Photo of Natalia (Natasha) Artemeva

Natalia (Natasha) Artemeva

Professor (ALDS)

Degrees:B. & M.Eng. (National University of Science and Technology MISiS, Moscow), M.A. (Carleton), Ph.D. (McGill)
Phone:613-520-2600 x 7452
Office:253 Paterson Hall


My background combines studies and professional experiences in mathematics, metallurgical engineering, applied linguistics, discourse studies, and education. For the past 30 years, my research focus has been on the study of different kinds, or genres, of writing, speaking, drawing, movement and so on in academic and professional contexts in English as the first or additional language, including English for Academic Purposes (EAP), English for Specific Purposes (ESP), and English for Police Purposes (EPP). Overall, my research interests lie in the areas of Writing Studies (specifically, writing in academic disciplines and professions), non-literary Genre Studies (including forensic genres), and Multimodality. More broadly, I am interested in how people become proficient communicators and users of relevant genres in all the areas of their lives.

Over the years, my research has included studies of the school-to-work transition of university students moving through their university programs and further into the workplace in engineering, medical education, mathematics, and other disciplines. My colleagues and I have collaborated on projects that investigate teaching practices in university disciplines, including mathematics (with Drs. Janna Fox and Chloë Grace Fogarty-Bourget). I have recently supervised doctoral studies that look at how autistic university students in Canada and beyond learn academic genres (with Dr. Jacquie Ballantine), how the Canadian police conduct interviews with detainees (with Professor Craig Bennell, Police Research Lab, Department of Psychology and PhD candidate Kathryn Carreau), and how Canadian paramedics make decisions and manage uncertainty in both pre-hospital training and workplace environments (with PhD candidate Jeremiah Bell).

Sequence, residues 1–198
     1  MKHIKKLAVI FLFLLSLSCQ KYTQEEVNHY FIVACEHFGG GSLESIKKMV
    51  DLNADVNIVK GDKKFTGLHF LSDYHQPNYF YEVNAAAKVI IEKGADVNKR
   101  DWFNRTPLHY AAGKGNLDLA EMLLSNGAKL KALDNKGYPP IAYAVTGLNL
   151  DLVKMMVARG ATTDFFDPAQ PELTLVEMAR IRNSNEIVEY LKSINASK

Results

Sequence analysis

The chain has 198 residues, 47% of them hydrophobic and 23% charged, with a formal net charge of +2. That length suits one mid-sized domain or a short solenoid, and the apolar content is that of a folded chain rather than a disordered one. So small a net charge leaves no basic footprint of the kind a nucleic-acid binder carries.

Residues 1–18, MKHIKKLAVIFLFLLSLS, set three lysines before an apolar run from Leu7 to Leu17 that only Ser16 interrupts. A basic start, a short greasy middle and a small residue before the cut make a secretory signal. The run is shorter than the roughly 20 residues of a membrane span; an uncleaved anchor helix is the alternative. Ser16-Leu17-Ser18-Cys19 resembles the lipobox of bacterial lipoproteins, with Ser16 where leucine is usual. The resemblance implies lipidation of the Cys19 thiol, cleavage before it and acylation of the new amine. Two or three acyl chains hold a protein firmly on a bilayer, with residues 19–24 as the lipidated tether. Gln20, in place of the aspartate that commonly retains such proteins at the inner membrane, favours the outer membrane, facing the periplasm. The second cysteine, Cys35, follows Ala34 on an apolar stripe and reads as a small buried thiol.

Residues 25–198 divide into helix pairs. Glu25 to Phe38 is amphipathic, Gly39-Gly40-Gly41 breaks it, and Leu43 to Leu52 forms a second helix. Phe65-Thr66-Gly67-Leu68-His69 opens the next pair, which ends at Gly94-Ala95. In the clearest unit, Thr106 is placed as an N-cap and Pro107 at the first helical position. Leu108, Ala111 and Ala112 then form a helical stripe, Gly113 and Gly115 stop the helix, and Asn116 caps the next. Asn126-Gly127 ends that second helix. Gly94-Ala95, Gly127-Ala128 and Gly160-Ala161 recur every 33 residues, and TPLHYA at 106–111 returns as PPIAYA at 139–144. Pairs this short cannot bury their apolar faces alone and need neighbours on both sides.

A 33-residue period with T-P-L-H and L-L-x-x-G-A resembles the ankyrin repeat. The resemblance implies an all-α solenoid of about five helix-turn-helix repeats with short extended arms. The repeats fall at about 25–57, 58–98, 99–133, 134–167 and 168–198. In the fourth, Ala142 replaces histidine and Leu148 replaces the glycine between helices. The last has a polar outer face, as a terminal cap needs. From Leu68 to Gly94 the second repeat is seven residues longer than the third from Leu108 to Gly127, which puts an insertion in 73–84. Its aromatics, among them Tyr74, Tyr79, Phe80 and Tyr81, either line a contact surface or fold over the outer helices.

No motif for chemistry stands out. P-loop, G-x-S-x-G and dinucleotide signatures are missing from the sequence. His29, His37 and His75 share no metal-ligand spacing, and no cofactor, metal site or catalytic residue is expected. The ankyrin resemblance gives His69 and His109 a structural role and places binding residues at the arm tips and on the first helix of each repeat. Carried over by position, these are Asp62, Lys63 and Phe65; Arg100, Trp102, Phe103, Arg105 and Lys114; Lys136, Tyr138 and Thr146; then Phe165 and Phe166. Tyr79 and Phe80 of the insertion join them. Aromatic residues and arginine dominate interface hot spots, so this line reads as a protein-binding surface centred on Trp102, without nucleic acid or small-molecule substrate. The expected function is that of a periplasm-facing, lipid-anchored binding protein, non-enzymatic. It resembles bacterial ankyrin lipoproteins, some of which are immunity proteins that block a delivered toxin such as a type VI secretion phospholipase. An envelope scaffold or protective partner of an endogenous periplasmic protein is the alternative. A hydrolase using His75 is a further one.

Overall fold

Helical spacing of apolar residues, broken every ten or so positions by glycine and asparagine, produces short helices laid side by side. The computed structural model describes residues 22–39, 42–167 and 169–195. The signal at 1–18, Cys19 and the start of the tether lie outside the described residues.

In the past, I served as Chair, Carleton University Research Ethics Board (CUREB) and President, Canadian Association for the Study of Discourse and Writing (CASDW).

Recent Awards

  • 2021 CASDW Doreen Starke-Meyerring Annual Award for Best Article or Chapter in Writing and Discourse Studies (with Sara Doody)
  • 2019 CASDW Award for Best Article/Chapter (with Chloe Grace Fogarty-Bourget and Janna Fox)

Current Research Interests


Current course information for this faculty member can be found by searching the Carleton Central/Public Schedule by Term and Name.

Courses Previously Taught

  • ALDS 1001: Introduction to Applied Linguistics & Discourse Studies
  • ALDS 3401/ENGL 3908: Research & Theory in Academic Writing
  • ALDS 3402/ENGL 3909: Research & Theory in Workplace Writing
  • ALDS 3903A: Special Topics in Applied Linguistics: Forensic Linguistics
  • ALDS 4405/ENGL 4515: Teaching Writing in School & Workplace
  • ALDS 5605: Research and Theory in Workplace Writing
  • ALDS 5607: Research & Theory in Academic Writing
  • ALDS 5703:Approaches to Genre Studies
  • ALDS 6101 and ALDS 6102: Doctoral Core Seminar in Applied Linguistics and Discourse Studies, Parts I and II
  • CCDP 2100: Communication Skills for Engineering Students

Selected Recent Publications